- Your team will be more satisfied when your tech policy is transparent and includes their buy-in
- Field managers, who have direct contact with rank-and-file workers, can help collect worker feedback to begin shaping policy
- C-suite and vice president-level staff, who have the broadest perspective of a company’s business units, should have the final say on policy
So how can you boost employee acceptance of technology policies? The goal of any company tech policy should be overwhelming buy-in and adoption throughout its workforce. Here’s what field managers and C-suite decision makers can do to develop employee-informed tech policies.
Field Managers: Direct Contact With Rank-and-File Workers
Within an organization, field managers oversee workflow. They understand the cadence of different functions in the workplace. They typically are attuned to which work-related applications – or even consumer applications, such as Google Maps – are needed to complete a job efficiently.
Field managers often hold important information that will ultimately influence the design and rollout of technology: They closely interact with employees governed by the tech policy and are integral to the collection of employee input. Their direct contact with the majority of the workforce helps them predict the potential adoption of certain tech policies.
Tasking these managers with reacting to a “first draft” of policies helps provide decision makers with insight as to how rank-and-file employees may perceive these policies. Policies that transparently promote workplace efficiency or safety are more likely to resonate.
Field managers will also be crucial in helping enforce new tech policies and will be among the first to hear negative feedback. If C-suite and vice president-level staff implement tech policies that are unmanageable, the workplace satisfaction of your field managers will be affected.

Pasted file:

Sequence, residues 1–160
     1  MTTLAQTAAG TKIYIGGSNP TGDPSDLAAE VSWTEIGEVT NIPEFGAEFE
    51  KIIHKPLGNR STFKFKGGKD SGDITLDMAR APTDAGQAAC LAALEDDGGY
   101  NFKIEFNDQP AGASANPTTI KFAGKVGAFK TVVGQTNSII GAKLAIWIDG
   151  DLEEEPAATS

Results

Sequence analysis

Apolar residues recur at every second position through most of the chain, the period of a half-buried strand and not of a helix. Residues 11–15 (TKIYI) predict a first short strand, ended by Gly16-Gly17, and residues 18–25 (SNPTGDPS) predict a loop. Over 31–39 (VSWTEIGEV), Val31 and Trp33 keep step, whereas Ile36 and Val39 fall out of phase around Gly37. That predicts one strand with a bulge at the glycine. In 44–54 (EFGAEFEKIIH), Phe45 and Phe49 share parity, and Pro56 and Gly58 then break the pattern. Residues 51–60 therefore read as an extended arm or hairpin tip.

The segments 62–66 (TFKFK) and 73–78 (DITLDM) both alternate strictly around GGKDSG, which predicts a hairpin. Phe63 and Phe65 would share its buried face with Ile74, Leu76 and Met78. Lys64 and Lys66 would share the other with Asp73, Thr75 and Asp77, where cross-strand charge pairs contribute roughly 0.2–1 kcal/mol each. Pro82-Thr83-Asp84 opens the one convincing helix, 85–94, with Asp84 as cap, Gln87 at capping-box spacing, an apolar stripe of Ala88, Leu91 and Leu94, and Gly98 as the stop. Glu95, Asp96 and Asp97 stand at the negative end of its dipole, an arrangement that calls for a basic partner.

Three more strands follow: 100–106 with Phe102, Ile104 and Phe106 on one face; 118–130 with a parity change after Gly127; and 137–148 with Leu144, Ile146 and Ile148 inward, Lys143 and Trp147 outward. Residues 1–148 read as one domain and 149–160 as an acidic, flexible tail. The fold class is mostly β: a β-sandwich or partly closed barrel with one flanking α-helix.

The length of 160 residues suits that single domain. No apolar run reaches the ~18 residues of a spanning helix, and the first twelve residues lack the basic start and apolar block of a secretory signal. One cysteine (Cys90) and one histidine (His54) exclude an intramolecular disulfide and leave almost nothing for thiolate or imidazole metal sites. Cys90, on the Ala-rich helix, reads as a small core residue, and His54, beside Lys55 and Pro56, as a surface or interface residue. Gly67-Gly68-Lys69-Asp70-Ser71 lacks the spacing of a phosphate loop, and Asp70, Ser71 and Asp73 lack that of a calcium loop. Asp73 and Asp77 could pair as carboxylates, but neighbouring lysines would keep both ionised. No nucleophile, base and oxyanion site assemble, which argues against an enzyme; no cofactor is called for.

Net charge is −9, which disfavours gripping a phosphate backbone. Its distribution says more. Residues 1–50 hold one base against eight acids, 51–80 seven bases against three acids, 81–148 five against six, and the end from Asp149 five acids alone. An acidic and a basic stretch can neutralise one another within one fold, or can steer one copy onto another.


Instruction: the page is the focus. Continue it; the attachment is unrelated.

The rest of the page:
C-Suite and Vice President-Level Staff: The Final Say
In order for a tech policy to gain favor – and be widely understood and adopted – C-suite decision-makers can lean on data and feedback collected from field managers. Supplied with this information, C-suite and vice president-level staff make the ultimate decision on the architecture of tech policies.
Their bird’s eye view makes their input critical. The highest-ranking employees within a company own the broadest perspective of an organization’s business units, efficiency and effectiveness. And they’ll have the organization’s overall health in mind: The C-suite is charged with guiding profitable growth, and any policy decisions must foster that growth.
If there is a need for a technology or mobile device policy, chances are technology is integral to daily operations. Operational details, including how different parts of the business work together, are typically under the purview of a COO or similar role. A new policy could positively or negatively affect employees’ ability to smoothly perform duties and impact how information and tasks transfer across departments.
Additionally, operations leaders can handle internal affairs, collaborate with/oversee HR, or manage employee communications (especially around change management). They will need to assess the tech policy’s influence on workflows, productivity, output, and even employee morale.